Welcome back to Part 2 in our series on telepresence (TP) and telerobotics (TR) technologies. In the first piece in this series, we talked about the difference between a telepresence system and a telerobotics system. We also looked at some basic applications that you may use these systems for. Today, we are going to take a more in-depth look at the three forms you are likely to find these systems in to provide you a more solid understanding of how the capabilities are facilitating security and surveillance.

There are currently three distinct manifestations of these systems. Each one builds on the last and adds to the things that the previous system can do. Each addition of capability carries its own advantages and disadvantages so strategy is warranted before attempting to employ this type of tech.

The first is vision and sound. What this category does is pretty easy to understand. It uses a (typically stationary) system to engage in the two way transmission of audio and video. This could be done with a standard two dimensional camera system, it could be a system that uses multiple cameras to create a wrap-around view or it could even use a 3D/VR camera to create a more immersive experience. Some of these systems may, in the near future, create holographic projections. That would mean the existence of systems that let people interact as if they were in the same room.

The second category includes the capability of physical manipulation. These systems will allow the user to move from pure observation to interaction with the remote environment. This is done with controls such as joysticks, wired gloves, inertial sensors or haptic feedback technology on the pilot’s side and mechanical options for ‘hands’ or other specialized tools on the side of the TR unit. Each option is meant to give the user an increased level of interaction with certain objects in a distant location. Turning door handles, pulling levers, using a manual screwdriver to repair something (for example) without being there “in person” all become possible with the correct hardware and connection.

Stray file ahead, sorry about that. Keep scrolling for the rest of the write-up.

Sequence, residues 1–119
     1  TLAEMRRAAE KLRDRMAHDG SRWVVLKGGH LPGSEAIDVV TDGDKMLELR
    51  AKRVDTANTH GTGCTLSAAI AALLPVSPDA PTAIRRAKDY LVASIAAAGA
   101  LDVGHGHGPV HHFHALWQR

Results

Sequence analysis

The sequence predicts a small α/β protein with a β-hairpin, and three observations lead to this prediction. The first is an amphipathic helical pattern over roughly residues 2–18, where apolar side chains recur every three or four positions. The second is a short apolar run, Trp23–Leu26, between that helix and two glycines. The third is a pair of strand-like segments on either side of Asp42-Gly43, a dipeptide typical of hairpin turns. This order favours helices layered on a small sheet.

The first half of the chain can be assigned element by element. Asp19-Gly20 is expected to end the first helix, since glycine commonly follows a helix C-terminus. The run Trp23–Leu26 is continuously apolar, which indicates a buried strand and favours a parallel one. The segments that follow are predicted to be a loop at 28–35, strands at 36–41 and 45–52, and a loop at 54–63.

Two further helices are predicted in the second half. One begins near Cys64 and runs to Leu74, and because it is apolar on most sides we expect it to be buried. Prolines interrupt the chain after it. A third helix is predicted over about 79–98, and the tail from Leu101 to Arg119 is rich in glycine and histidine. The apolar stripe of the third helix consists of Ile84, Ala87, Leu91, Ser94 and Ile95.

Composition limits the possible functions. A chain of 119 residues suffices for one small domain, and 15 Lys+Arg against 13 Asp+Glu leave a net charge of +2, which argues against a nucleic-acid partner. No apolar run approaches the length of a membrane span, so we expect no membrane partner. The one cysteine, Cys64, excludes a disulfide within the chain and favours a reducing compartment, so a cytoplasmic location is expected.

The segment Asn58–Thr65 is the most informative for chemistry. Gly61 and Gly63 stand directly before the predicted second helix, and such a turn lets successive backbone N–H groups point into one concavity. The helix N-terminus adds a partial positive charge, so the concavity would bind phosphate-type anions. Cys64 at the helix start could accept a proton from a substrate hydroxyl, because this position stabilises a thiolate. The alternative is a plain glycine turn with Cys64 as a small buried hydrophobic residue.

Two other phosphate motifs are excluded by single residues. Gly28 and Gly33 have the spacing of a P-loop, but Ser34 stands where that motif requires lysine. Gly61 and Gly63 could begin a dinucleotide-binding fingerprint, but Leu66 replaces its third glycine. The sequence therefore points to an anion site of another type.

If you want the ability to navigate a remote location and fully interact with the environment, then a ‘freedom of movement’ capability will be a requirement. This is a pretty large group of solutions meant to give telepresence bots the ability to move around an environment. Standard wheels, tracks, omni-directional balls, magnetic levitation are just some of the options for providing a remote sensing unit the ability to relocate/redirect itself. It’s typically going to be a question of cost and terrain/location specifics. These systems primarily come in two different styles, manual control and autonomous control. In a manual control system a user is able to use an interface like a software app or a hardware controller to drive the robot where desired. In an autonomous control system the robot will either move on a path that has been pre-determined or use sensors to determine the path. Both systems have their drawbacks. The pre-determined path will provide consistency/predictability but limit the flexibility. The sensor/algorithm control system has more options but also more chances for problems including getting physically stuck. You could definitely combine an autonomous default behavior with a manual pilot override (when something is automatically detected, for example) and call that a third style but I don’t think that needs elaboration yet.

The more pieces on the remote unit that replicate human senses, the more the pilot can leverage their innate capabilities to asses a situation in a faraway location. Those human capabilities can be further augmented by including analytics in a TR setup. This allows a pilot to benefit from machine learning without having to surrender the advantages of human analysis.

Now you know about the types of telepresence systems that you may encounter. Stay tuned for the next part of our series on telepresence and telerobotics…